Cluett v. Rosenthal

Decision Date18 May 1894
Citation58 N.W. 1009,100 Mich. 193
CourtMichigan Supreme Court
PartiesCLUETT et al. v. ROSENTHAL.

Error to circuit court, Muskegon county; Albert Dickerman, Judge.

Garnishment by George B. Cluett and others against Gates L. Rosenthal in an action against Sol and Sam Rosenthal. Judgment for plaintiff. Garnishee brings error. Reversed.

Bunker & Carpenter, for appellant.

Brown &amp Lovelace, for appellees.

MONTGOMERY J.

On the 25th day of June, 1892, the defendants Sol and Sam Rosenthal executed to the defendant Gates L. Rosenthal a trust mortgage to secure $15,800 of alleged indebtedness of the mortgagors which consisted of $1,850 to the Union National Bank, $9,000 to Gates L. Rosenthal, $2,950 to Rosen Bros., and $2,000 to Ben Kersberg, of Kansas City. The mortgage covered the entire stock of Rosenthal Bros., together with books of credit evidence of debt, rights of action, and bills and accounts receivable. The defendant took possession under the mortgage very shortly after its execution. This suit in garnishment was instituted for the purpose of attacking the validity of the mortgage. It is claimed-First, that it amounted to a general assignment with preferences; and, second, that it was actually fraudulent as against the creditors of Rosenthal Bros. We do not find support for the first contention. The only provision of the chattel mortgage which is unusual is that authorizing the mortgagee to sell at private sale or in the usual course of trade. This does not vest any actual title in the mortgagee, and is not inconsistent with the right of the mortgagor or his creditors, who may acquire liens, to redeem at any time. The provision confers no power upon the mortgagee to reinvest the proceeds of the sales, or apply them to any other purpose than the satisfaction of the secured claims. The case is not at all analogous to Kendall v. Bishop, 76 Mich. 634, 43 N.W. 645. In that case the mortgagee was empowered to reinvest the trust funds, and add to the stock. The court below was of opinion that the mortgage was not void upon its face, and submitted the question of fraud to the jury. The trial resulted in a verdict for the plaintiff. The questions presented by the appellant's counsel relate to proceedings at the trial. We do not think the court erred in proceeding to a trial of the case. The defendant waived his right to have the case tried at the term at which judgment was rendered against the principal defendants [1] by noticing the case for a subsequent term, and in that term consented that the case be continued. Having waived the statutory right, the case must thereafter proceed as other issues of fact, subject to notice by either party.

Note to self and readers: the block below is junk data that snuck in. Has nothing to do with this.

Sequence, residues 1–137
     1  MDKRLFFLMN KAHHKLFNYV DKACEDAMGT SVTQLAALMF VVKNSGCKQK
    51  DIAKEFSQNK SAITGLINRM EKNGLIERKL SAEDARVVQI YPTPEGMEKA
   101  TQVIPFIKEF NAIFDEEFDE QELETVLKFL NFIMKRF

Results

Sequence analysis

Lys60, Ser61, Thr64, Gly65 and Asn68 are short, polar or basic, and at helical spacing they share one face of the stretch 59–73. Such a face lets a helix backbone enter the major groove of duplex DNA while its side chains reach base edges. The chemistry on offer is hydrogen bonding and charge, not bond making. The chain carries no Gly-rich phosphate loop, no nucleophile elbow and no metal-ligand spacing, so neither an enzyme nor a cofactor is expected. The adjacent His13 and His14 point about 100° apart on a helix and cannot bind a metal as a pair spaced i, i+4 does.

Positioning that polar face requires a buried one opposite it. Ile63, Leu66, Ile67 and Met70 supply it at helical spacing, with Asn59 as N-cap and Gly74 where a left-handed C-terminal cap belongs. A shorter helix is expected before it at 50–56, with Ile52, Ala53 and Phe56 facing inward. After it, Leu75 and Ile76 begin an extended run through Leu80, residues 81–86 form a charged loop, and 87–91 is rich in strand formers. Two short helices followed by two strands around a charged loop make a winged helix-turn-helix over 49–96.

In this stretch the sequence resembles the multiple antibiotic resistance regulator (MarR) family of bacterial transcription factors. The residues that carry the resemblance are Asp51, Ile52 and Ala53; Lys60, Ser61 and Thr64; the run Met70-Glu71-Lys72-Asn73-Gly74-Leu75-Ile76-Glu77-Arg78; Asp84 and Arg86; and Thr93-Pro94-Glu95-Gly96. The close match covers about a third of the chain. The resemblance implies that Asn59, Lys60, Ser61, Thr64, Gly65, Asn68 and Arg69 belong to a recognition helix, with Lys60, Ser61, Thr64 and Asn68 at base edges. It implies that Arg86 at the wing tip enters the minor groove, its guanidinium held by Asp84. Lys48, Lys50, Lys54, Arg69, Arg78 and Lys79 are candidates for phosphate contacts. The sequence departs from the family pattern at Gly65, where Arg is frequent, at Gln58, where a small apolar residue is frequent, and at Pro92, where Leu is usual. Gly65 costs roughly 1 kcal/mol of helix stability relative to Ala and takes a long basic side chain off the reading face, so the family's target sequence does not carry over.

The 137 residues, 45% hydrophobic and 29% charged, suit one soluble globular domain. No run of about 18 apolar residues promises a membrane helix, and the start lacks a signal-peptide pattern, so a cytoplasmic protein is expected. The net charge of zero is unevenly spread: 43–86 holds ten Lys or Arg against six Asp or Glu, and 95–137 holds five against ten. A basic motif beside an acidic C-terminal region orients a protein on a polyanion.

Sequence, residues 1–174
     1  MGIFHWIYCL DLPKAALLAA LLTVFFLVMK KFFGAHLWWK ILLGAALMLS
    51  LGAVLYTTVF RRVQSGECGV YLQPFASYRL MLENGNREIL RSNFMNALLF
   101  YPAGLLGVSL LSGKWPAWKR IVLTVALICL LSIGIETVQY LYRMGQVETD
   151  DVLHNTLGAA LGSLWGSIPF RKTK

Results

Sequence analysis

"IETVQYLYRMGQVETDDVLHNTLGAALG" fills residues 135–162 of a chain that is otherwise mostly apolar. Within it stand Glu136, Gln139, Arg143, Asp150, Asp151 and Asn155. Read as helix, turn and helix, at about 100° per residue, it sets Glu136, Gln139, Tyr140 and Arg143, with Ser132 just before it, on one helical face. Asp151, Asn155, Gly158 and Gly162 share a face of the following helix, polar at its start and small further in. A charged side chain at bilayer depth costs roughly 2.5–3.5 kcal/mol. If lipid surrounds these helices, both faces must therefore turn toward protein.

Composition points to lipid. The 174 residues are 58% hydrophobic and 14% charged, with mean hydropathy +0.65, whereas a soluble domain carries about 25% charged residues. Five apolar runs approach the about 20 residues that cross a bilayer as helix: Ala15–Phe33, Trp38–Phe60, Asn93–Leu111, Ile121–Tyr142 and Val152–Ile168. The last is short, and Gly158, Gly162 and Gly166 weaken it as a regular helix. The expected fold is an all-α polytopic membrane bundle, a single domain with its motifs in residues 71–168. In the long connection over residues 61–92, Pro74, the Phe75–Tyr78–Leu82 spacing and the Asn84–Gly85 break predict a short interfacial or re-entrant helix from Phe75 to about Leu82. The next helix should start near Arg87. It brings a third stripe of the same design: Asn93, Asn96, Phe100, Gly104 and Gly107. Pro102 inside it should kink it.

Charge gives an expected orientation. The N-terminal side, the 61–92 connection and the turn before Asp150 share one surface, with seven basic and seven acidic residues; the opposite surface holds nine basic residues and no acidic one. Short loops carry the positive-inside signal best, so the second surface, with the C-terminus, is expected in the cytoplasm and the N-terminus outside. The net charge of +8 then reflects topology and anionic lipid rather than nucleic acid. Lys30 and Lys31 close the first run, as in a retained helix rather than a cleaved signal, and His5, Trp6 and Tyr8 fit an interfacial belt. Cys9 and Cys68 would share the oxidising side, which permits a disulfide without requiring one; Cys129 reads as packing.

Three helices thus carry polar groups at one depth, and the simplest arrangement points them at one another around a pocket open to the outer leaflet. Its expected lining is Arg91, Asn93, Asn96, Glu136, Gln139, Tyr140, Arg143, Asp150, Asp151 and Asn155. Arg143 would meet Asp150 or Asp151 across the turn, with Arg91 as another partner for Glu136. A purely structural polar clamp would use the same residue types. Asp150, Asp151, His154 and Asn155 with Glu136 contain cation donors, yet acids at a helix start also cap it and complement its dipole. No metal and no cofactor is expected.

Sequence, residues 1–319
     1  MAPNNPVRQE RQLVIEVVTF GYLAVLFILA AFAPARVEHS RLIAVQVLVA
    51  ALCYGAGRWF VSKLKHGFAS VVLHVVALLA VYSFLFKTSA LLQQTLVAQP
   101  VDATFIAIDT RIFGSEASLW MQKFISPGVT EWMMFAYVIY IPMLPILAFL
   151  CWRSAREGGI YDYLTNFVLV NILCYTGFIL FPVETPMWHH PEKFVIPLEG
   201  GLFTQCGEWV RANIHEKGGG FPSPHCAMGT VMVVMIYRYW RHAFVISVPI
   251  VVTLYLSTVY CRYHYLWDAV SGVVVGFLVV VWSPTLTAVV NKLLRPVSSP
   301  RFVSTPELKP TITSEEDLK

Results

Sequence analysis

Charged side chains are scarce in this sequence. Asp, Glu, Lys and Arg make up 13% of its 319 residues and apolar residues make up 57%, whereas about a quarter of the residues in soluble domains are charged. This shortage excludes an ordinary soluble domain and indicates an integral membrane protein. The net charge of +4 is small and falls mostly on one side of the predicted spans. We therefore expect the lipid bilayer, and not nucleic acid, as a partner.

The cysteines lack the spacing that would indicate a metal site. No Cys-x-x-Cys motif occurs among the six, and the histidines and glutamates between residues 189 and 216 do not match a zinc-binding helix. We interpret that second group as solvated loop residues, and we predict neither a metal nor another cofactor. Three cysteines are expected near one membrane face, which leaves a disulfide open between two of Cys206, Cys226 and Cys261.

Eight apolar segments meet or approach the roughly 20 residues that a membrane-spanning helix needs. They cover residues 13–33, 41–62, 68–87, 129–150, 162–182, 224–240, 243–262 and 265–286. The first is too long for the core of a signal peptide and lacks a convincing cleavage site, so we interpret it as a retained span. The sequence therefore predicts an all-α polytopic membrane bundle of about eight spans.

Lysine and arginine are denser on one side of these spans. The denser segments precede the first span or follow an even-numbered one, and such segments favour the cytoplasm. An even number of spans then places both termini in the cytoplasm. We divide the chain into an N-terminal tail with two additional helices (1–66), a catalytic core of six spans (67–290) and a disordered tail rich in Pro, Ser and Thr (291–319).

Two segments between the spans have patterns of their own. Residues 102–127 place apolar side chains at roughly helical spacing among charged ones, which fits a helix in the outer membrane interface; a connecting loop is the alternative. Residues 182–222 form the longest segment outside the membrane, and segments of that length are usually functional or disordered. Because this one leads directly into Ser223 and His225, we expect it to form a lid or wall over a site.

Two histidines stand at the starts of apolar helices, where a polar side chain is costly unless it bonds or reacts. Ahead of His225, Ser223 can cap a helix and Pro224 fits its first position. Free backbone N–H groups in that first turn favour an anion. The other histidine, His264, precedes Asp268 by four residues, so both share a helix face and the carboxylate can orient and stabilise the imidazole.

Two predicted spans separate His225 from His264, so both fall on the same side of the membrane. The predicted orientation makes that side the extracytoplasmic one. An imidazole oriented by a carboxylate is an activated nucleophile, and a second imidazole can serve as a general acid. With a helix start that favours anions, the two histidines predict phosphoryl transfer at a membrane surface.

Error is assigned upon a ruling of the circuit judge admitting proofs of the contents of the books of Rosenthal Bros. Two grounds are urged against the admissibility of the testimony offered: First, that the original books themselves were mere hearsay, in a suit against Gates L. Rosenthal; and, second that the secondary evidence admitted was improperly obtained, and therefore it should have been excluded. As to the admissibility of the books themselves, we think the court was not in error. The testimony tended to show that defendant had previously been connected with Rosenthal Bros., and severed his connection with them in 1890; that between the 1st day of January, 1892, and the 1st day of June, Rosenthal Bros. had purchased very largely, their purchases amounting to $18,000. That defendant had, after severing his connection with the firm, kept some track of the business; that when he took the mortgage in June, 1892, as trustee, he went through the form of taking possession, but continued the Rosenthal Brothers in actual charge of the business; that the stock was subsequently sold by the mortgagee, and bid in by him in form, but that Rosenthal Bros. still continued in actual possession; that in taking the mortgage he assumed to act as trustee for certain named creditors, who it does not appear were present; and the jury might well have found that he would, as a reasonably prudent man, before assuming to act as trustee, inform himself as to the state of these creditors' claims by reference to the books of Rosenthal Bros., especially in view of his previous knowledge of their business. The books in fact tended to show no such indebtedness as that claimed to exist in favor of Rosen Bros. and Kersberg was ever created. This testimony was certainly competent as showing a fraudulent intent on the part of Rosenthal Bros. Koch v. Lyon, 82 Mich. 513, 46 N.W. 779. And we think, in view of the fact that the defendant undertook to act as trustee for other alleged creditors, it is a fair inference that he would inform himself by reference to the books as to the state of their claim, and the books were some evidence of mala fides on his part. See Loos v. Wilkinson, 110 N.Y. 212, 18 N.E. 99. See, also, Ganther v. Jenks & Co., 76 Mich. 510, 43 N.W. 600. The information of the witness who gave evidence of the contents of the books was obtained while the goods were in possession of the sheriff under an unauthorized attachment; and in Rosenthal v. Muskegon Circuit Judge (Mich.) 57 N.W. 112, we held that the attorney should be required to deliver up any memorandum which he had made, relating to the contents of the books, thus righting a wrong committed by a misuse of the process of the court, as far as practicable. But the attorney who obtained the information was not acting in the present case at the time the attachment in question was sued out, or the information obtained. The question, therefore, is whether one who is in no way responsible for the tort by which information is obtained by a witness may introduce evidence of the facts ascertained, even though a trespass or wrong was committed by the witness in obtaining the information. We...

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